Burundian food is stewed, boiled, or roasted over wood fires. Since deforestation is a major problem in Burundi, procuring wood for cooking is becoming increasingly problematic People living in urban centers have access to a wider variety of food, though restaurants remain few and are accessible only to the privileged. In Gitega and Bujumbura restaurants serve French, Greek, and Asian food (chapattis, rice, and spicy curries, for example).
A homemade banana wine called urwarwa is served with meals celebrating special occasions.
Impeke, a home-brewed beer made from sorghum, and Primus beer are also popular drinks. As a symbol of unity close family members and friends drink impeke from the same large container using straws.
Most Burundians make their own containers using the shells of various kinds of homegrown gourds for cooking, eating, and storing food. They also make drinking vessels and storage bins out of gourds.

Circumcision for boys, a sign of adulthood, is widely practiced in Burundi. Genital cutting for girls, though illegal in some areas, is still fairly common, and is considered a sign of virginity and sometimes a status symbol. These circumcisions and genital cuttings are generally done in unhygienic conditions and without any medical supervision.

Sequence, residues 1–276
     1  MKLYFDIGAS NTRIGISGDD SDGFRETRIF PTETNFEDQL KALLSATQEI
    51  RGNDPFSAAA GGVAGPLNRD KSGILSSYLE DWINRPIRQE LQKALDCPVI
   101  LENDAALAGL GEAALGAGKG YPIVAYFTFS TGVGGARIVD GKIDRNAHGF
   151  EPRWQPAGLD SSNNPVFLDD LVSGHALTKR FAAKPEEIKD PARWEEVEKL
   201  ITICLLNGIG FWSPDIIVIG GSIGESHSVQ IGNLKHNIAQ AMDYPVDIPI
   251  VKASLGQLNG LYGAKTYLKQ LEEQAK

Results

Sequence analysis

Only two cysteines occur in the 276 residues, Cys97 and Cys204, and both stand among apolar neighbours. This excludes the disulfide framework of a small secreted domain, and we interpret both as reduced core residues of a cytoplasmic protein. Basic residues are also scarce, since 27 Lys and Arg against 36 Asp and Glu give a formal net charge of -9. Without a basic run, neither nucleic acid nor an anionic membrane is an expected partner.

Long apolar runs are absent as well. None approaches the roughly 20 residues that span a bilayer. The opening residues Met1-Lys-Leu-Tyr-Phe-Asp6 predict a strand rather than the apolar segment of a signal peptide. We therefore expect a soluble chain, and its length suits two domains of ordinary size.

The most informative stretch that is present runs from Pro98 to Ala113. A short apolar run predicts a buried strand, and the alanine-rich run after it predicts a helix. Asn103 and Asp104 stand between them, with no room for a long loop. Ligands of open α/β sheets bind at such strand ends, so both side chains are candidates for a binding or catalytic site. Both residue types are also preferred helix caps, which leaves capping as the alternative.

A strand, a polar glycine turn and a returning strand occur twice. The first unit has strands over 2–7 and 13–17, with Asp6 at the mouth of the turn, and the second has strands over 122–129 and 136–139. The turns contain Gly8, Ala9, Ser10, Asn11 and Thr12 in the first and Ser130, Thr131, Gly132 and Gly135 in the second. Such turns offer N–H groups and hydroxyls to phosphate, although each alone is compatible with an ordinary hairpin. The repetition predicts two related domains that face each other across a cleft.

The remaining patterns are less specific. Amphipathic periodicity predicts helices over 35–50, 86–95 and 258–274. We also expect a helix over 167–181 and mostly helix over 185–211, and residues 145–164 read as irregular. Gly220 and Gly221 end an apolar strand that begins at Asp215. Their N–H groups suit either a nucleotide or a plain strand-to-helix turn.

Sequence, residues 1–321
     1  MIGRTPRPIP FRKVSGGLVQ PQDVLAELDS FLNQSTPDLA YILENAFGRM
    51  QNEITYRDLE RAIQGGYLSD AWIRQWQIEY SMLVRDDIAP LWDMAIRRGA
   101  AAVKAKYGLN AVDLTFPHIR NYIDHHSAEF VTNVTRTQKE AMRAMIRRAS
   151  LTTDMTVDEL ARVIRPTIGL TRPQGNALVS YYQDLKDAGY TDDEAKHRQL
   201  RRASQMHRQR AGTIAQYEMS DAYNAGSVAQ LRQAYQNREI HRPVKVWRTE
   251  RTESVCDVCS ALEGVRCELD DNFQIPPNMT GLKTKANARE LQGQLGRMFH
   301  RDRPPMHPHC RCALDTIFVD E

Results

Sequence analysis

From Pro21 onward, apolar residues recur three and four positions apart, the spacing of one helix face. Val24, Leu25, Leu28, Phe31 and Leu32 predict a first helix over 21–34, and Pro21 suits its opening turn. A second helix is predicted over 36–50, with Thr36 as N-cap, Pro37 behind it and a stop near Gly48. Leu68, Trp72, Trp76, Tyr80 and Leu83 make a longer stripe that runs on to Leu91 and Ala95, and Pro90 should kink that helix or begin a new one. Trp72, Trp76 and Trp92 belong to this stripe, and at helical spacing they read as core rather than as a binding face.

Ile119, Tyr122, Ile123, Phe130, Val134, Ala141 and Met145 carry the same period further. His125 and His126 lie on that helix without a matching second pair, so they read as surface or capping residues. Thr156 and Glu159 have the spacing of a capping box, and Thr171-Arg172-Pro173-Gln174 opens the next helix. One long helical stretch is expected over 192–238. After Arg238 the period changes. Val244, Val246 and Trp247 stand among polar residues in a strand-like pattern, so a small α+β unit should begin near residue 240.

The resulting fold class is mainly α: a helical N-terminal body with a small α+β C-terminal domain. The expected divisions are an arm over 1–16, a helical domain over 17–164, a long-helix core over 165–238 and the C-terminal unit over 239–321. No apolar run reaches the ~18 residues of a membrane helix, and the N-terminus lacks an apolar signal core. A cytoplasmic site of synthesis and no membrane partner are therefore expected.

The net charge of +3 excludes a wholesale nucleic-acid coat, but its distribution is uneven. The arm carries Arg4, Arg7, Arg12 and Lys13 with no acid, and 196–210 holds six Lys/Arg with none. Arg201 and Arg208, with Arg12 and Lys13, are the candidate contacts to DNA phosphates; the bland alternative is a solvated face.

Female circumcision is widely criticized by Western industrialized countries, and many African nations have banned this coming-of-age ritual, which mutilates a girl psychologically as well as physically. Circumcised women often face painful problems during menstruation, pregnancy, and childbirth. Some eventually die from the recurring infections that result from the procedure.

For the 93 percent of Burundians who live in rural areas, polygamy is common, despite city laws that prohibit it and Christians who preach against it. In some areas, fining polygamists is a good source of revenue for the government.
For a man to have as many wives as cattle is a kind of a status symbol, as well as a sign of wealth.
Second wives have a second-class status in the household, and first wives have great power in determining how they are treated. If the fist wife decides to go to court, she is likely to win the case, along with a good part of her husband’s property. Property (as in a house) belongs to an entire family, and a husband cannot sell the family house without obtaining the consent of his children and wife.
In southwestern Burundi, men are so scarce— some were expelled to Tanzania, most went to war—that the women give cattle to woo men into marriage (a reversal of their own tradition). Some men justify their polygamy by saying that they are rehabilitating widows by marrying them. Women’s groups in Burundi that have staunchly opposed polygamy seek to educate women about their rights and advocate financial independence for women.